The Internal Revenue Service has issued three new private letter rulings that may help life insurers offer registered index-linked annuities through fee-based advisors.
- Copies of the new letter rulings are available here, here and here.
- An earlier article about annuity advisory fee letter rulings is available here.
IRS official Rebecca Baxter addressed each letter to a life insurer that wants to sell traditional variable annuity contracts, non-variable indexed annuity contracts, and “hybrid advisor contracts” through fee-based advisors.
Baxter told each insurer that it can pay advisory fees directly to an annuity owner’s investment advisor, from the cash value of all three types of contracts, without the annuity owner having to pay federal income taxes on the cash flowing to the advisor.
Section 72(e) of the Internal Revenue Code describes the kinds of annuity-related payments that may end up in a contract owner’s taxable income.
In the scenarios described by the three life insurers asking for the new letter rulings, “the fees are an expense of the adviser contract, not a distribution to the owner,” Baxter writes in the letters. “We rule that fees taxpayer deducts from the adviser contract’s cash value and remits to the adviser will not be treated as an ‘amount received’ by the owner of the adviser contract for purposes of Section 72(e).
Baxter applies the same legal provisions, regulatory provisions and analytical principles to the hybrid annuities that the IRS applies to the variable annuities and the fixed indexed annuities.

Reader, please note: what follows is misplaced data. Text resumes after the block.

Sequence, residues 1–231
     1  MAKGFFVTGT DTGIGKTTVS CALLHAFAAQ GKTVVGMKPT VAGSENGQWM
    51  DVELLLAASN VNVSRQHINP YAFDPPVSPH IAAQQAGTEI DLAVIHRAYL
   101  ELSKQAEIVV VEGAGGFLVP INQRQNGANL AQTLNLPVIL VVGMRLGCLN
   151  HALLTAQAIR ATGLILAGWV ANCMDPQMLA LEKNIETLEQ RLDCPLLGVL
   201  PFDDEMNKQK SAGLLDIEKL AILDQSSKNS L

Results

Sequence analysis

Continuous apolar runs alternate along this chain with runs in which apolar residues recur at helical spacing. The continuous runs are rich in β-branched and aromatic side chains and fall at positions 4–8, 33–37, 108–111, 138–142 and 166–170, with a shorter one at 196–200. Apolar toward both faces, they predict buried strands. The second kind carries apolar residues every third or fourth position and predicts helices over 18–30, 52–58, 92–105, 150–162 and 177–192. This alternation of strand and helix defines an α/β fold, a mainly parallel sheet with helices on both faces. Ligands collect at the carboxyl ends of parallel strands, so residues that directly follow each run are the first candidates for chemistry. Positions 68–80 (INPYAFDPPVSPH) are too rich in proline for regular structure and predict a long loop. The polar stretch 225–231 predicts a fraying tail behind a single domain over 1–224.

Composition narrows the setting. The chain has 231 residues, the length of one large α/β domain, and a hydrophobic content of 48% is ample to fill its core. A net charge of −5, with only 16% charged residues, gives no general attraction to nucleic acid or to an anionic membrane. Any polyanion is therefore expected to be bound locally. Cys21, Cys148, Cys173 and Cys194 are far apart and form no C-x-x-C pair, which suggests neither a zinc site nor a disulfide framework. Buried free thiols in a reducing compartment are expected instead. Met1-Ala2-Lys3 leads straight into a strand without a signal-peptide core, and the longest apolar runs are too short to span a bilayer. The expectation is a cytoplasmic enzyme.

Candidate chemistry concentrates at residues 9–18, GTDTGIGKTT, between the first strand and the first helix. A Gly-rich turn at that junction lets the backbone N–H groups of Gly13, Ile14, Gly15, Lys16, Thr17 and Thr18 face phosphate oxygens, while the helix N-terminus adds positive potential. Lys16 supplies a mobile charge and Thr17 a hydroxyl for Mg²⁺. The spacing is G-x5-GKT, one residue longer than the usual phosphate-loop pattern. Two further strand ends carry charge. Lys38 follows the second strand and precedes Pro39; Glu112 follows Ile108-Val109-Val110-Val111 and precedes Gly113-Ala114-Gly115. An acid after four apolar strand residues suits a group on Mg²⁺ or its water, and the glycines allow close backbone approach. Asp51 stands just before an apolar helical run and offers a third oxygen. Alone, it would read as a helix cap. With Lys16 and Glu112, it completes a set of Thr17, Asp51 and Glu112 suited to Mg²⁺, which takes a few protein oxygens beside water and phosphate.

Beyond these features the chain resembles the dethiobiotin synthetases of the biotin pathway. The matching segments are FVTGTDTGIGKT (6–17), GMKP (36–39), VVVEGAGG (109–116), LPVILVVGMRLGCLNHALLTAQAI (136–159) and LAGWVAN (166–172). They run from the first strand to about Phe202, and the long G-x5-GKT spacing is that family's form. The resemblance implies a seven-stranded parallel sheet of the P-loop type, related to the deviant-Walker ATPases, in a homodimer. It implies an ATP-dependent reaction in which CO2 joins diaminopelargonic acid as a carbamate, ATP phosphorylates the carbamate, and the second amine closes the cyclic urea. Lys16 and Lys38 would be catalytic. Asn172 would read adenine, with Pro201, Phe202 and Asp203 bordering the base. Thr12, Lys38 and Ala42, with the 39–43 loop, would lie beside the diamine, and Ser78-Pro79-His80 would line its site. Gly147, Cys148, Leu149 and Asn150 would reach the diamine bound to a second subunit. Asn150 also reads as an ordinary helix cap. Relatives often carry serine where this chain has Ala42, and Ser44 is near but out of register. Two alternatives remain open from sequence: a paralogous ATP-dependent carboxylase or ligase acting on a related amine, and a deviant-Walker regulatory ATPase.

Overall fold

The life insurers that asked for the letter rulings said the advisory payments could amount to up 1.5% of the cash value in a hybrid advisor contract per year.
Many life insurers once called all indexed annuities, or annuities with crediting rates based at least partly on the performance of an investment index, “equity indexed annuities,” or EIA contracts.
Annuity issuers and sellers began a major push to call the products “fixed indexed annuities” around 2006, when the National Association of Securities Dealers and the U.S. Securities and Exchange Commission were trying to have the SEC regulate EIA contracts as securities, just as the SEC regulates variable annuity contracts and variable insurance policies as securities.
Issuers of “fixed indexed annuities” wanted to emphasize that the products offer consumers guaranteed protection of account value, just as traditional fixed annuity contracts do, and that the index-linked provisions always served to increase the contract owner’s income and contract value, never to reduce income and value below what a traditional fixed annuity would provide.
Issuers of non-variable indexed annuities ended up winning a hard-fought war with the SEC and persuading Congress to leave regulation of non-variable indexed annuities to state insurance regulators.